As New Hampshire begins to reopen, another challenge emerges: Massachusetts

"It was like bumper-to-bumper traffic and virtually all of them were Massachusetts license plates."

Mount Washington looms in the distance over North Conway, New Hampshire. Robert F. Bukaty / AP

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New Hampshire is facing two challenges as it eases restrictions meant to limit the spread of the coronavirus.

The virus itself and, as Gov. Chris Sununu likes to say, “our friends to the south in Massachusetts.”

Sununu announced a plan Friday to reopen businesses that had been ordered to close due to the COVID-19 pandemic in phases over the next few weeks, following positive signs that the state is containing the virus. However, it also comes amid concerns that a reopening could incite an influx of disease-spreading visitors from hard-hit Massachusetts, resulting in a rebound in cases in the Granite State.


“That’s concerning more than anything, to be honest,” Sununu said during a press conference Monday.

So far, New Hampshire has reported 2,588 confirmed cases of COVID-19 and 86 deaths due to the disease. While higher than the numbers in Maine and Vermont, both figures are fractions of the more than 69,000 cases and 4,000 deaths that have been reported in Massachusetts. Sununu is hoping to keep in that way.

“Now is not the time to be inviting or enticing folks out of Massachusetts to come up and either recreate or vacation up here in New Hampshire,” the Republican governor said.

According to his recently announced “Stay at Home 2.0” reopening plan, the state’s campgrounds, which have remained open, are now limited to New Hampshire residents and private members. The same holds true for the state’s golf courses, which will be allowed to open next Monday, May 11.


Sununu said the state’s coastal beaches will remain closed for everyone for the near future, given their “proximity to Massachusetts.”

“If we were to flex our beaches open, undoubtedly you’d have a huge influx from very infected areas on the North Shore and around Massachusetts,” he said during a press conference Friday announcing the plan.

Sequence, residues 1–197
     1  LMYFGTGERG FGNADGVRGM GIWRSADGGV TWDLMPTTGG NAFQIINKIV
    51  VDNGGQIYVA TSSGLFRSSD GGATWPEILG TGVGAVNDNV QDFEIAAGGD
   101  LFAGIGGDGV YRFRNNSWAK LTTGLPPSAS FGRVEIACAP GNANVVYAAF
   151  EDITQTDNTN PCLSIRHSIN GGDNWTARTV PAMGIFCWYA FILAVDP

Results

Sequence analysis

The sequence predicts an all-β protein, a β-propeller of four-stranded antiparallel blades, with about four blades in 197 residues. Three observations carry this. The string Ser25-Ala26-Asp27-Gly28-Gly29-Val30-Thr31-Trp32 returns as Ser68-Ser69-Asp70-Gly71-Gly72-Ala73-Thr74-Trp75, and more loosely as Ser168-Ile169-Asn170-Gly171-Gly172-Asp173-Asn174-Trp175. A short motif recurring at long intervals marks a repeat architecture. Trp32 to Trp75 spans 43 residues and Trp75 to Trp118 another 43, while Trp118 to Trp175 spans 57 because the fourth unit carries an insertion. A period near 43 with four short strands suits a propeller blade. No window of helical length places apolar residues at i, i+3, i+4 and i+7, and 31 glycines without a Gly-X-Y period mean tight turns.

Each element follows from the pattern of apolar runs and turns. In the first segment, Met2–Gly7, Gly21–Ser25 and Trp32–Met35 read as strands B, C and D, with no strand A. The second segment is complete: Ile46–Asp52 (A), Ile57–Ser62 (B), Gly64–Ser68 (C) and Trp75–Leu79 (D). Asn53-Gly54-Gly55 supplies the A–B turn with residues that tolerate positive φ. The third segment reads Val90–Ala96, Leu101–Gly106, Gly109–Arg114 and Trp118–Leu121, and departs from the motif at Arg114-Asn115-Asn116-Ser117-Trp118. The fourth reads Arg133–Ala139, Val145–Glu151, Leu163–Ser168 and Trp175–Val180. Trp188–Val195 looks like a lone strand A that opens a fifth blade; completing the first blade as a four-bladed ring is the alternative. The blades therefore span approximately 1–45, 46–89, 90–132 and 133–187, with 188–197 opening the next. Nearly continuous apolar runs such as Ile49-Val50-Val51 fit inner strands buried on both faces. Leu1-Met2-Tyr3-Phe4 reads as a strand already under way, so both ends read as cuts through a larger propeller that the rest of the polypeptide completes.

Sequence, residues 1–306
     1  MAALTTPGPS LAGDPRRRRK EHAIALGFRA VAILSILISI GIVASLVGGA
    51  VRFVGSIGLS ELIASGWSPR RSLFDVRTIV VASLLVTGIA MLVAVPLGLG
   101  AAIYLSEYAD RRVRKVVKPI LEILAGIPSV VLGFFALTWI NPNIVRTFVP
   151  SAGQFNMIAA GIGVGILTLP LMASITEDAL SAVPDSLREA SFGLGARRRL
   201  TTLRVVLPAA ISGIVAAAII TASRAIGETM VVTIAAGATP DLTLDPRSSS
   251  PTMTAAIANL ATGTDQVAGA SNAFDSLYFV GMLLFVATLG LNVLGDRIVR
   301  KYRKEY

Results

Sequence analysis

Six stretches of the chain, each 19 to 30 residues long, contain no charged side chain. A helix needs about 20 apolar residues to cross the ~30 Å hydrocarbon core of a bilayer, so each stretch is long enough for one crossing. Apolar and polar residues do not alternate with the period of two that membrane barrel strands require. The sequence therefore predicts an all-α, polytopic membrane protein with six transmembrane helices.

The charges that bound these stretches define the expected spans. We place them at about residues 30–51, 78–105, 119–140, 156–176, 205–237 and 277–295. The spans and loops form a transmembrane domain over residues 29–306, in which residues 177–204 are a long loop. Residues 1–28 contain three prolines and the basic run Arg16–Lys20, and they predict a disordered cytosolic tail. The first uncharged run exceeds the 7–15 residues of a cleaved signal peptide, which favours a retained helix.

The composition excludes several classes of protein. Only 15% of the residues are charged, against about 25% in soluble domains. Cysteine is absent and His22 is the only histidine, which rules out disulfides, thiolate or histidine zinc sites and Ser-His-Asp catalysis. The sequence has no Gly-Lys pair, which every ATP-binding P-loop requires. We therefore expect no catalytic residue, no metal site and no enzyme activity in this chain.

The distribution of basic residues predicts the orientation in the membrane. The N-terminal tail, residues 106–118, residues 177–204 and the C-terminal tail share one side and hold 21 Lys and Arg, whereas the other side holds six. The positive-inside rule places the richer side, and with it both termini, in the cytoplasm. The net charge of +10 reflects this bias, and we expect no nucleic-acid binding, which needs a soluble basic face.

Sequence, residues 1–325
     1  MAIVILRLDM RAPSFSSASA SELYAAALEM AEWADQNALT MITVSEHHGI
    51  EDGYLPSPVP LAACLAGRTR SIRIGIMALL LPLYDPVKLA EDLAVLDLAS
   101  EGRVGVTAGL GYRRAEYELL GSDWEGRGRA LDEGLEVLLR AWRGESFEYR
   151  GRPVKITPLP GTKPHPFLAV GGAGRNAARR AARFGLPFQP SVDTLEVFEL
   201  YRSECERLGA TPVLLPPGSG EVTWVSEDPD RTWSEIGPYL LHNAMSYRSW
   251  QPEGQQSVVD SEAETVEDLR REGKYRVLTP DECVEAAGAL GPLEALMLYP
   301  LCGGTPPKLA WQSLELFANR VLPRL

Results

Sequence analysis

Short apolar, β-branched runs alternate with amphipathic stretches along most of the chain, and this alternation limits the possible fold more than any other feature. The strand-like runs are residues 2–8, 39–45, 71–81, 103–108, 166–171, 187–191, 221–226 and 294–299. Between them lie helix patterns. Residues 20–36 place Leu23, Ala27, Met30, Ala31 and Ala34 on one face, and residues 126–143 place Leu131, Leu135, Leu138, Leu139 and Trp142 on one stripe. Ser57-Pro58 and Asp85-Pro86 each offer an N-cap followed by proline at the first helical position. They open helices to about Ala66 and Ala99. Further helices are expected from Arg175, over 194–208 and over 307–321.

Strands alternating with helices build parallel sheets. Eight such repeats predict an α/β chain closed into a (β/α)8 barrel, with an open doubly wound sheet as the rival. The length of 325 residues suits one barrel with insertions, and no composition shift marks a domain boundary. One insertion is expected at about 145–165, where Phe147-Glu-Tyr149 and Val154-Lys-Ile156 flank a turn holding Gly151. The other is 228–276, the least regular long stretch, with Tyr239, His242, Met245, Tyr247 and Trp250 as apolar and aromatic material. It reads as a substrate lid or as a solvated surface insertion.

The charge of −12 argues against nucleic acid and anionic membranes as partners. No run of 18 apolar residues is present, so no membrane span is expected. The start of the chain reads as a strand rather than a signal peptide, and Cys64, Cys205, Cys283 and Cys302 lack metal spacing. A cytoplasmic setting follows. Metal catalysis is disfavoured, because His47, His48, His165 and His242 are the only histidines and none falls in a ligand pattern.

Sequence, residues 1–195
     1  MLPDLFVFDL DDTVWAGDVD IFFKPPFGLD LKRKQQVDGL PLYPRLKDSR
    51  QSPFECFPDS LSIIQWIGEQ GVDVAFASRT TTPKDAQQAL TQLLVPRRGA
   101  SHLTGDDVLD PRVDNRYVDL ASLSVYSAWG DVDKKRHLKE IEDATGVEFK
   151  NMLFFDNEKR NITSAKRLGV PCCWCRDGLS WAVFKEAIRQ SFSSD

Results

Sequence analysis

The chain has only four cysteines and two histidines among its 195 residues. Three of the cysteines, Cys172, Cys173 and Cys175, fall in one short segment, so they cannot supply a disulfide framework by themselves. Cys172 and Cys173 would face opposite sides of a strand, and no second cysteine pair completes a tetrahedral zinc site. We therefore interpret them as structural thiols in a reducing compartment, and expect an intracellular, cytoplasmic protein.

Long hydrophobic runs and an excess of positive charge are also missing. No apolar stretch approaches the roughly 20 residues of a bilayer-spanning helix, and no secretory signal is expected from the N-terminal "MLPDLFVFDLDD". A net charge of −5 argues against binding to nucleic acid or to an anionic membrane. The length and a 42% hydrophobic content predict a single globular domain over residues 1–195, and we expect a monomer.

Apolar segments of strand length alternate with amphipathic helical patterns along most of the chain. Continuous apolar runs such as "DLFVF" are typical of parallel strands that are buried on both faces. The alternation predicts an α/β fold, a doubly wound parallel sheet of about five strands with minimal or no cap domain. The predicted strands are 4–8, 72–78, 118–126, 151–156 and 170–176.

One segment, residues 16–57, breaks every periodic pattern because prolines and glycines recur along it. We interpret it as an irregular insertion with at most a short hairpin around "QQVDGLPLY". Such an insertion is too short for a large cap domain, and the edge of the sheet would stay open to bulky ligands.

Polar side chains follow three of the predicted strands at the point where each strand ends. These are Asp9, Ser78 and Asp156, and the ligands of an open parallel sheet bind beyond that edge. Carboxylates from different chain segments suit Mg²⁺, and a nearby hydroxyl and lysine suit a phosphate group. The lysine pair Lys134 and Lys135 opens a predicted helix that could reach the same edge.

New Hampshire’s reopening plan also allows hair salons and retail stores to reopen on May 11, under stringent occupancy limits, face covering requirements, and other social distancing and sanitation rules.

And on May 18, the state will allow restaurants, which have been limited to takeout and delivery service, to begin hosting customers in outdoor seating areas (again, provided that tables are spaced six feet apart and limited to six people a table, and that servers wear face coverings). Sununu said he hoped to allow indoor dining “in the near future,” but cited a familiar reason for holding off for now.


“One of the challenges with restaurants right now is really our friends, just to the south, in Massachusetts,” Sununu said. “It’s not about blaming Massachusetts, but the reality is the two most northeastern counties of that state have the highest impact of COVID.”

A sign notifies visitors that the beach is closed, due to the COVID-19 outbreak, in Rye, New Hampshire.

As of Monday afternoon, a combined 25,330 confirmed cases of COVID-19 had been reported in Middlesex and Essex counties, which had the first and third-most infections of all Massachusetts counties (Suffolk County was second, ahead of Essex). While most of the hard-hit communities (such as Chelsea, Brockton, and Lynn) are in the Boston area, working-class cities like Lawrence and Lowell, closer to New Hampshire, have also seen relatively high infection rates — each with more than 1,600 cases as of last week.